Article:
Palace: No new or higher taxes, income tax cuts

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Palace: No new or higher taxes, income tax cuts
Communications Secretary Herminio Coloma Jr says the BIR is not proposing higher VAT rates, and that the government will only focus on improving tax collection

MANILA, Philippines – Malacañang said on Saturday, September 5, that the government is not eyeing new or higher taxes, and income tax cuts.

Palace Communications Secretary Herminio Coloma Jr made the statement in an interview on state-run Radyo ng Bayan, when asked about proposed tax measures.

“According to [Bureau of Internal Revenue] Commissioner [Kim] Henares, the government is not proposing higher VAT rates. We’re for status quo: no change in tax rates and no new or higher taxes, and also no income tax cuts,” Coloma said.

“The government will just focus on improving (tax) collection,” he added.

The response came after it was reported on September 3 that the Palace rejected a House bill that seeks to lower income tax rates in the country.

Marikina Representative and committee chairman Romero Federico “Miro” Quimbo earlier said the new bill would have 4 brackets, which include:

  • Workers earning less than P180,000 ($3,834.80) a year would be exempted from paying income taxes
  • Workers earning P180,000 ($3,834.80) to P500,000 ($10,652.22) would pay a tax rate of 9%
  • Those earning between P500,001 ($10,652.24) to P10 million ($213,044.30) a year would have a tax rate of 17%
  • Those earning more than P10 million ($213,044.30) would pay a 30% income tax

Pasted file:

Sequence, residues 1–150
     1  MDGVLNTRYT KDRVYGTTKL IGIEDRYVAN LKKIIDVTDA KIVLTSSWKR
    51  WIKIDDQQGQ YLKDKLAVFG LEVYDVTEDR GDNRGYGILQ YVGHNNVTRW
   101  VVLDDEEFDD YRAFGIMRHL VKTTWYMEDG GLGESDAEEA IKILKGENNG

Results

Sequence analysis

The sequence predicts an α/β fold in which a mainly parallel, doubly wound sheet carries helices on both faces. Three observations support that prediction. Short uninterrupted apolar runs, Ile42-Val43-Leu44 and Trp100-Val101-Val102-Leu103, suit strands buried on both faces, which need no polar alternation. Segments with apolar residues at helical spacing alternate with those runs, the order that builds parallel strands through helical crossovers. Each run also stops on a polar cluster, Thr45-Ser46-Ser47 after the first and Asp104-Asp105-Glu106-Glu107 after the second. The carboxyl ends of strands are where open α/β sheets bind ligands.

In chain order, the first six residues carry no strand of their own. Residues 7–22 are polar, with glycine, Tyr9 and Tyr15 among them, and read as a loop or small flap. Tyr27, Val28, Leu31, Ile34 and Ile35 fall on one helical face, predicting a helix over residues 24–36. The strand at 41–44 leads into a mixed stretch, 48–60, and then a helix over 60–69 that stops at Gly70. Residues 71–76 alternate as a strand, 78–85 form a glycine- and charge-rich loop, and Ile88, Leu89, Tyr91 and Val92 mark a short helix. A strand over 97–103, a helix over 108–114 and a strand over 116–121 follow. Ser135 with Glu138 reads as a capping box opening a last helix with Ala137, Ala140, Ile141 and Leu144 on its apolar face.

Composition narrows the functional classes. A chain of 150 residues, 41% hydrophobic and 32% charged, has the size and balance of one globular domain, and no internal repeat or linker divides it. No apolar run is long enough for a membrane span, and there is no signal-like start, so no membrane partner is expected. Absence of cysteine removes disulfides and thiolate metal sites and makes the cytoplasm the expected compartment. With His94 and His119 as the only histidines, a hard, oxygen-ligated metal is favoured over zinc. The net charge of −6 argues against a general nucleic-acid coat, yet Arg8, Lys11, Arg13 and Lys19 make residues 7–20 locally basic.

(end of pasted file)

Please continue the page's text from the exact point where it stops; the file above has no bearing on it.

Quimbo said corporate taxes would be reduced to 25%.

The goverment is estimated to lose at least P30 billion (P639.13 million) during the first year of its implementation. But the bill’s proponents claimed that there would be an increase in tax collection as it would be easier for taxpayers to comply with the proposed simpler tax brackets.

But Coloma said it is important to look at the big picture, as “taxes are the lifeblood of the economy.”

He added the Palace is favoring the Department of Finance’s (DOF) “holistic standpoint” to make the “tax system equitable, progressive, and competitive.”

“Let’s just not look at the income tax (cuts). While the (proposed measure) is popular, let’s consider the big picture. All these have to be carefully studied,” Coloma said.

The DOF submitted to Congress in August the government’s tax reform bill, which includes an all-in income tax exemption to all wage earners with an annual income of less than P1 million ($21,304.43).

Along with the proposal is increasing VAT from 12% to 14% and expanding the VAT base by removing all exemptions, except in agriculture, health, banks, education, as well as removing zero-rating, except direct exports.

$1 = P46.99

Tax cut image via Shutterstock

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